hist-brewing: Brewing a Graetzer

Steven Eldredge stevene at metrocast.net
Mon Oct 8 06:35:45 PDT 2001


I am brewing a Graetzer at the NH Craft Brewers Festival with another member of the homebrew club that I belong to. I am posting our recipe and methods for your comment, and we have a few questions for those of you who have brewed this or a similar beer. The recipe is based on the one in "Top Fermenting Oddities from the North of Germany" by Randy Mosher, Published in Zymurgy Vol. 23 No. 5.
Batch Size 11 Gallons, Efficiency 75%

17 Lbs. Wheat Malt, Smoked (Ireks German Red)

6 Lbs. Wheat Malt, Smoked and Toasted to a pale copper color

2 Lbs. Rice Hulls

Mash Schedule: 122 deg. Rest 15 min. 148 deg. Rest 60 min.  175 deg mash out.

6 Oz. Czech Saaz 3.5aa 75 Min.

O.G. 1.058, 44.6 IBU.

I smoked the grain about 1 foot above an open seasoned Maple fire that had burned to embers. I used Green Apple wood that had been soaked in water for two days to make the smoke. I spread the grain out in a window screen and smoked it for 10-15 min. I smoked the grain until it had darkened slightly. (about 2 or 3 deg. L) when the grain was done smoking, it was cool enough to hold in my hand but not for long. I would guess that the grain temp. was about 140 - 160 degrees.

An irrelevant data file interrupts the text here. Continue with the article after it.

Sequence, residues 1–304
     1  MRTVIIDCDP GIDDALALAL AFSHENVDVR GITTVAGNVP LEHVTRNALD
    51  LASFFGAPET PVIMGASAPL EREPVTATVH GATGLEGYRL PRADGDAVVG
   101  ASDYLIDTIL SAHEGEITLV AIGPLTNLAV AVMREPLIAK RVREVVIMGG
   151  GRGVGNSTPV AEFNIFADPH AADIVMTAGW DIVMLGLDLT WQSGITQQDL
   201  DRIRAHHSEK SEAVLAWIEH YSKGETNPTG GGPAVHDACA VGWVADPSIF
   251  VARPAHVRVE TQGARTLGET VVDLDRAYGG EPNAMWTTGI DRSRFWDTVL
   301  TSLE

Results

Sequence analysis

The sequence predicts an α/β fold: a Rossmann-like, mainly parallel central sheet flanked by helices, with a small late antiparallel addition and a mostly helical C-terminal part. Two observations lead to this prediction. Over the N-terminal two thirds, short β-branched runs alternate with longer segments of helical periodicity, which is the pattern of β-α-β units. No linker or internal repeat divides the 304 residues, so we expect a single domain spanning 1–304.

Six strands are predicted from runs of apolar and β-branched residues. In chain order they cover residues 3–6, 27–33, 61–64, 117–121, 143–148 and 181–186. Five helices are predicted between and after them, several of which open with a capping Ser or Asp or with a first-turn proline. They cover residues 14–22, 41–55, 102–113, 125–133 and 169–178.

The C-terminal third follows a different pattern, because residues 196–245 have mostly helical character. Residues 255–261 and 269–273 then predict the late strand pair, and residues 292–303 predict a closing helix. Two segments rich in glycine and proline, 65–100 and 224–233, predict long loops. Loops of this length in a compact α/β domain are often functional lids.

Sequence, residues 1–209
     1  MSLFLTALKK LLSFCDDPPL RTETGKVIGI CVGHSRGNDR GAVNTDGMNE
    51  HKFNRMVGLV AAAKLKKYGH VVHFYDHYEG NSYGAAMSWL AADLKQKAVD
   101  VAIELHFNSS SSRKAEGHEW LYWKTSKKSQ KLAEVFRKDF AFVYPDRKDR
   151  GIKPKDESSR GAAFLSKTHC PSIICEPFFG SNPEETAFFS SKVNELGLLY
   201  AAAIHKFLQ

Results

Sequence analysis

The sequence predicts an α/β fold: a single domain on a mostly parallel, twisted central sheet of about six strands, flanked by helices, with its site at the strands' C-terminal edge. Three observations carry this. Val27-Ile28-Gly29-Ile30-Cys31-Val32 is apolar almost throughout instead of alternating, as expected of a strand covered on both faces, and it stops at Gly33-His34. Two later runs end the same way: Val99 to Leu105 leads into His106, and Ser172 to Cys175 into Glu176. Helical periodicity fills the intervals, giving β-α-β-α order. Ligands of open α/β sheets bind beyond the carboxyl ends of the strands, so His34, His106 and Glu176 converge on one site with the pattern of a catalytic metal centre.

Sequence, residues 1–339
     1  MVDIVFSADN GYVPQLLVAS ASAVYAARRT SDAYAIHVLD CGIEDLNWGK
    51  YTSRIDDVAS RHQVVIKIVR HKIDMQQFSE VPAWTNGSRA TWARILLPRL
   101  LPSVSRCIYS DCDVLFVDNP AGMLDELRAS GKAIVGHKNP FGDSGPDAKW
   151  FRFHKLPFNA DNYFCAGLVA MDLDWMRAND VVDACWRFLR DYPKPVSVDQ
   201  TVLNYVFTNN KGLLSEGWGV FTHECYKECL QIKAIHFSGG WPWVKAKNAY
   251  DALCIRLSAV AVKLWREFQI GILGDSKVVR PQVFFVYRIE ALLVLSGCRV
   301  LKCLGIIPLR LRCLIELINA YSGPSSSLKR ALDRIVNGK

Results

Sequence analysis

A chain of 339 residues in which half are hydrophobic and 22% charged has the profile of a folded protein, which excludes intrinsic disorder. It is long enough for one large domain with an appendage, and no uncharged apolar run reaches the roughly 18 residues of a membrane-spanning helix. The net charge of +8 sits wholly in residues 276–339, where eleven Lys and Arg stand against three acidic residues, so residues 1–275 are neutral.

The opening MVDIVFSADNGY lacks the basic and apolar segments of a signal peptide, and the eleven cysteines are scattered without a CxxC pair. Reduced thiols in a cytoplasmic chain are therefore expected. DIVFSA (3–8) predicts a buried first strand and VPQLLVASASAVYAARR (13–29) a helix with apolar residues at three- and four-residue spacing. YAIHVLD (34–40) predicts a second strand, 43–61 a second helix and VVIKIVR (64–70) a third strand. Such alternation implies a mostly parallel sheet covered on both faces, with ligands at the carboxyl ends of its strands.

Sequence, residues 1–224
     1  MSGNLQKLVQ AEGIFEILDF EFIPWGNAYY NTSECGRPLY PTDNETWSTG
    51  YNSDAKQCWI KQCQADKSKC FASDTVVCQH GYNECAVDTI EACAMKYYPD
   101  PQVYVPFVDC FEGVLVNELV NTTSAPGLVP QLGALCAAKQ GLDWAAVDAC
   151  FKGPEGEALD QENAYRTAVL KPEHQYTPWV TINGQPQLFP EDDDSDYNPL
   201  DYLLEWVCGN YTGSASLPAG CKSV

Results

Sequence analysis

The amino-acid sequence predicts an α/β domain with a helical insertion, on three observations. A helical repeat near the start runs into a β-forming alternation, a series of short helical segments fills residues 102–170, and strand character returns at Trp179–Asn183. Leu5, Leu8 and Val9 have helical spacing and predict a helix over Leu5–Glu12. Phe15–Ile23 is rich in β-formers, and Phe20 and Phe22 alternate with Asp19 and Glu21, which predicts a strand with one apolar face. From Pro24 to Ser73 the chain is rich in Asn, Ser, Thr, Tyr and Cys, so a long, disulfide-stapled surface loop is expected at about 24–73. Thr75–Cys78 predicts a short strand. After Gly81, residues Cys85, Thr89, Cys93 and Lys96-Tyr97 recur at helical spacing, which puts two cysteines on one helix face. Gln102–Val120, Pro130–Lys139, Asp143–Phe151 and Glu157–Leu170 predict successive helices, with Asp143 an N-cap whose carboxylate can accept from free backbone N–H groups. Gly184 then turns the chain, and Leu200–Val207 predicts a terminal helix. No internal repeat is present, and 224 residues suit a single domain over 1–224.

Is it possible that I destroyed the enzymes during the smoking process? Would you recommend adding Amylase Enzyme to the mash?

The grain is Very smoky, more so then the peated malt that I have used in the past. (it actually smells kind of like a Slim Jim) I am concerned that it will produce too strong of a phenolic quality in the beer. What do you think?

We are considering lowering the bitterness to about 30 IBU's and raising the conversion rest temp to 154 deg. This would accent the malt flavors a bit. Any comments on this?

And lastly, I am brewing with a RIMS, how will brewing a 100% wheat beer affect efficiency, if at all?

 

Thanks in advance,

Steve Eldredge

Seacoast Homebrewers (NH) www.seacoasthomebrewers.org

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